Crito: Why Socrates Should Have Left
When I read Socrates’ argument for laws, I can’t help but ask myself how I understand my relationship with the state and its laws. I do understand, and to an extent, agree with Socrates’ argument for sustained respect for the law, even in the face of an unjust law. However, I see two counterarguments to Socrates’ line of thinking: the including/excluding properties of law and a pluralistic conception of values.
The idea of law is a tricky one. The two most important questions are, “What is a law?” and, “Can an unjust law exist?” I feel that three definitions are important to consider in this case. The first is law, the second is society, and the third is democracy. Laws are codified manifestations of the public’s expectations of conduct within the society. A society is a collection of people who feel comfortable identifying with the values of one another. A democratic society affords all citizens with the right to form a part of the public and contribute their personal values and opinions towards the creation of this code of conduct and the consequences of disobedience with equal influence.
So the law can be understood, in short, as an expression of commonly held values with an inclusive and exclusive property. If I disagree with a certain law and it cannot be amended, then my beliefs are at odds with what is held to be right by society. Since the law does not express my values and society is a collection of people who have similar values, then I am not a part of such a society. Therefore, the society’s laws do not have the power of law over me. If this notion reminds anyone of something they have heard before, then they’re right. St. Augustine became the founder of the non-violent resistance movement with the phrase, “An unjust law is no law at all” (Law and Lawyers).
I can understand if that does not seem like a very convincing argument. After all, it seems to be a “Get Out of Jail Free” card to anyone who wants to escape the consequences of their actions. It is important to remember then, that it is impossible to live and contribute to society without coming under its jurisdiction. If one feels that they do not agree with essential parts of the law, then that disagreement must be made explicit by leaving that society. Society is an “opt-out” policy that assumes complete adherence to its rules simply by one’s presence within its domain.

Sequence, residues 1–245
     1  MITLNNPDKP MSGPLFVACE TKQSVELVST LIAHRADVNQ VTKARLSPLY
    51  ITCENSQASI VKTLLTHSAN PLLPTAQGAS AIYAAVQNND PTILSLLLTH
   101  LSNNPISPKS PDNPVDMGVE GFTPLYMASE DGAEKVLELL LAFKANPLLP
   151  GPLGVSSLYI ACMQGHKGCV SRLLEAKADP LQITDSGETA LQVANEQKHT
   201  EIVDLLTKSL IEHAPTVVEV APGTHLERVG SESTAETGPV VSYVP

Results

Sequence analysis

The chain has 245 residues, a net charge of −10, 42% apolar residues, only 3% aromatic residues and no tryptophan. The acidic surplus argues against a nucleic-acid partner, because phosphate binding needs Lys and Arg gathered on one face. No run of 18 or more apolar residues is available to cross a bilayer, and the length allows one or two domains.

So, as Socrates said, he was born, reared, and remained in Athens, and so must obey by its rules. However, he misapplies the principle that, “One should never do wrong in return, not do any man harm, no matter what he may have done to you” (49d) in the Crito. In his mistake, Socrates betrays an incomplete understanding of the pluralistic nature of values.
It seems as though a fair way to rephrase Socrates’ statement would be to say, “Man should never do wrong.” If Socrates really has “held it for a long time and still hold[s] it now” (49e), them he must consider himself as a man who should have harm done to him. It could be true that Socrates would do a wrong to the Athenian state by escaping. But by failing to act to save himself, he also does a wrong. This is the foundation of the principle of “omission” that is considered law in our society today (Wikipedia). Socrates does not appear to be aware that it is possible to do wrong through both action and inaction.
It is often accepted that in situations such as these, the contract first entered determines the validity of all following agreements. This is because any proceeding commitments that endanger the ability to fulfill the first are not valid if another of Socrates’ core beliefs is to be followed: one should always fulfill just agreements (50). Socrates’ has always had a commitment to himself, even before the Athenian state influenced his life.
Socrates had an obligation to save himself and by remaining in the prison showed his ignorance of the pluralistic character of virtues – it is possible for multiple values to be simultaneously true and in opposition. What is more, the law to which Socrates became determined to submit himself had already cast him out of Athenian society. It seems tragic to me that Crito so spectacularly fails to become the sort of disciple that Socrates so desired: one who would show Socrates that by making all of these claims of right and wrong, he reveals himself to be no wiser than the rest – Socrates does not even know that he knows nothing.